I've just drafted a very brief response to Haymarket about the Product Placement issue that's kicking around at the moment. It's intentionally short, but I wanted to save my initial thoughts for posterity. It's going to be interesting to see how things pan out.
Will brands pay for
products in Corrie rather than a TV ad spot? No.
Will some pay for products in Corrie as well as their usual TV ad spot? Yes.
Product placement is a channel like any other, and like any other the key to successfully marketing a product using that channel is relevancy. If it is relevant for a brand to be placed in a suitable TV programme, then a good agency will do that. If it’s not relevant, then they shouldn’t.
As with the recent glut of brands wanting “a social media campaign” we can be sure that some brands will now approach their agencies and want their products placed in TV programmes. This is the point that will sort the wheat from the chaff.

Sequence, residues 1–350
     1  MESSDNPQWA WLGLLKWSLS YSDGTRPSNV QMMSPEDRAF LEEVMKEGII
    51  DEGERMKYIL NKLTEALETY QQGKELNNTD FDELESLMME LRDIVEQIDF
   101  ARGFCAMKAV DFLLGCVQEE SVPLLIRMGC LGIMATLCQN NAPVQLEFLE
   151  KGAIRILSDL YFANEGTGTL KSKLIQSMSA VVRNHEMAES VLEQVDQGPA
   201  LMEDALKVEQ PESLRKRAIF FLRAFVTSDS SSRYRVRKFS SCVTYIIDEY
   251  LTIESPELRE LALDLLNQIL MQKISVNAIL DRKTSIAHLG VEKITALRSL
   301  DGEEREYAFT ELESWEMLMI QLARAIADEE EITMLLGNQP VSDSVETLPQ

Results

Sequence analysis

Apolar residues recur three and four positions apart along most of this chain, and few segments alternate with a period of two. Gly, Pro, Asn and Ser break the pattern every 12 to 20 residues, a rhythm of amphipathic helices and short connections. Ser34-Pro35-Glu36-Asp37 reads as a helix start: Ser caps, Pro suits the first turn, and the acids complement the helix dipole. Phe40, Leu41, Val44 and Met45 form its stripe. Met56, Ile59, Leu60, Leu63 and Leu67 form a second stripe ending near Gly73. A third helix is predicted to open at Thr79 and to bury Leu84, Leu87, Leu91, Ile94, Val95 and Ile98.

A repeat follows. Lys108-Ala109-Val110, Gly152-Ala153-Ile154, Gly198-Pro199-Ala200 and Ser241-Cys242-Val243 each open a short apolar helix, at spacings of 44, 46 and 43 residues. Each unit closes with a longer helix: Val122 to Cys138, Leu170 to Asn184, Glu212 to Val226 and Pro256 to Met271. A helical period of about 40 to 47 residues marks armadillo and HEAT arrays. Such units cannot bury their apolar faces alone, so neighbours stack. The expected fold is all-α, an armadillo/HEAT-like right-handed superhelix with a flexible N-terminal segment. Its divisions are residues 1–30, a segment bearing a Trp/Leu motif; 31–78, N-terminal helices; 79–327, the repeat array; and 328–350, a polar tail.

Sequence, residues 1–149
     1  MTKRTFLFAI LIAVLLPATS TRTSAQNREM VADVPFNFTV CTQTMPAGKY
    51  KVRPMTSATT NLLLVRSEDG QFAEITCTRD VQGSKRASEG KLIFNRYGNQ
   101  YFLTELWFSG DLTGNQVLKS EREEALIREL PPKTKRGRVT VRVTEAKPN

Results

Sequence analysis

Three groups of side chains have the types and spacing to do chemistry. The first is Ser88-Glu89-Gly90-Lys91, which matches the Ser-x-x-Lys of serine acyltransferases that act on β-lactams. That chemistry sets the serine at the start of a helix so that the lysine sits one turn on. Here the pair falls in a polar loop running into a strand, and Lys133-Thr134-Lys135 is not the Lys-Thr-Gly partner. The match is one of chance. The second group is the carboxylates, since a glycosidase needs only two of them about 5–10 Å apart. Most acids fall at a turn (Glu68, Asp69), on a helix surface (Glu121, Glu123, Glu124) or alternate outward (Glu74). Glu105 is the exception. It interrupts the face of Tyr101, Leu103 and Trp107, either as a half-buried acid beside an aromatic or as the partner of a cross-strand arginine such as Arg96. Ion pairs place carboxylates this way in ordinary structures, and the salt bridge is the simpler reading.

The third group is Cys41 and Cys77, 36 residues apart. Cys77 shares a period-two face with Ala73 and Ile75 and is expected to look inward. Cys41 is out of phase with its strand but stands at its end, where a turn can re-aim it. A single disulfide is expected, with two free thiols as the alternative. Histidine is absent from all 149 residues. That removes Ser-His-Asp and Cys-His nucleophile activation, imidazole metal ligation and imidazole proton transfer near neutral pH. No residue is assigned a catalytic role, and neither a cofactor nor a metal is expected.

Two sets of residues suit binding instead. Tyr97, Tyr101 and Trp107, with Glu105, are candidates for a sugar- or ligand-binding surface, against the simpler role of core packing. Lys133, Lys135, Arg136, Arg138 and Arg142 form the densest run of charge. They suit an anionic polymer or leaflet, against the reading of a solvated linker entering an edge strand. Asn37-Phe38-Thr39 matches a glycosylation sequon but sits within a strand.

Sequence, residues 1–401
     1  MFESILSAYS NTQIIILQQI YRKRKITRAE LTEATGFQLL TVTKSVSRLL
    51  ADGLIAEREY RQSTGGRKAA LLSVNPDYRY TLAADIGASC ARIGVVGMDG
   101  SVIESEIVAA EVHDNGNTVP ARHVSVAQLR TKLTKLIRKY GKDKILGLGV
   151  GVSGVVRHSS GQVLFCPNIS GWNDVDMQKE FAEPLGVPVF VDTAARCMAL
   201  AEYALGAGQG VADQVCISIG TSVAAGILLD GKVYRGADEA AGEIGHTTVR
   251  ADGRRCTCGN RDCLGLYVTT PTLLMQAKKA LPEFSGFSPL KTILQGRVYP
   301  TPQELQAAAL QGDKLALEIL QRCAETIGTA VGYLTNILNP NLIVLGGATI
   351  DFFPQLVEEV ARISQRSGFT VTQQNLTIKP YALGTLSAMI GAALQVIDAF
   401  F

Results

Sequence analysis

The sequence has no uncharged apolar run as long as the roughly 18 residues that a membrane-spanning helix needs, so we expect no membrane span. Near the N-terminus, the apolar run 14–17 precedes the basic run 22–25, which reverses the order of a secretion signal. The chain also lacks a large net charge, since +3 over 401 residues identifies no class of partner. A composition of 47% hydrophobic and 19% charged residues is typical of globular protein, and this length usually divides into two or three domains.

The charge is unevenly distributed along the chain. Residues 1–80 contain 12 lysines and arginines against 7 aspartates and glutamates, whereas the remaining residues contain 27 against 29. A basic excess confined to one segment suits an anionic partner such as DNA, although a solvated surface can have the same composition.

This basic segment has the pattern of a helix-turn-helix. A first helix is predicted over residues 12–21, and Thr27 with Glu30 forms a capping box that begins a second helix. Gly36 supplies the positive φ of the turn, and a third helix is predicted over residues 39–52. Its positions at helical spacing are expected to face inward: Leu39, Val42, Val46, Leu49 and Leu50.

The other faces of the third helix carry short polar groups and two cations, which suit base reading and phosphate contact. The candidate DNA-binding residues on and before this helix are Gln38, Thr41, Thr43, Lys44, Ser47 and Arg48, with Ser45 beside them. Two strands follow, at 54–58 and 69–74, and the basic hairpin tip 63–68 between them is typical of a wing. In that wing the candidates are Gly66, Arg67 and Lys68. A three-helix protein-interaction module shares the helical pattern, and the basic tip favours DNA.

If it’s relevant, a
good agency will do it. Less good agencies will place their clients brands
without strategic thinking and we’ll end up in a similar situation to the
social media world: irrelevant, ill-conceived campaigns that make it difficult
to see the strategically relevant campaigns that truly add value to a brand.
The intricacies of this channel will play a vital part of the success of campaigns. Will brands have control over how the placement works? What about how overt the placement is? Will there be a number of agency representatives when Corrie is filmed and will they have a say in how a specific scene is shot? And what of the psychological and moral implications of promoting a brand in this way? Will it only be Corrie, or will factual programmes be used too?
These issues will be ironed out as the channel matures, but they’ll be ironed out in public, with an expectant audience.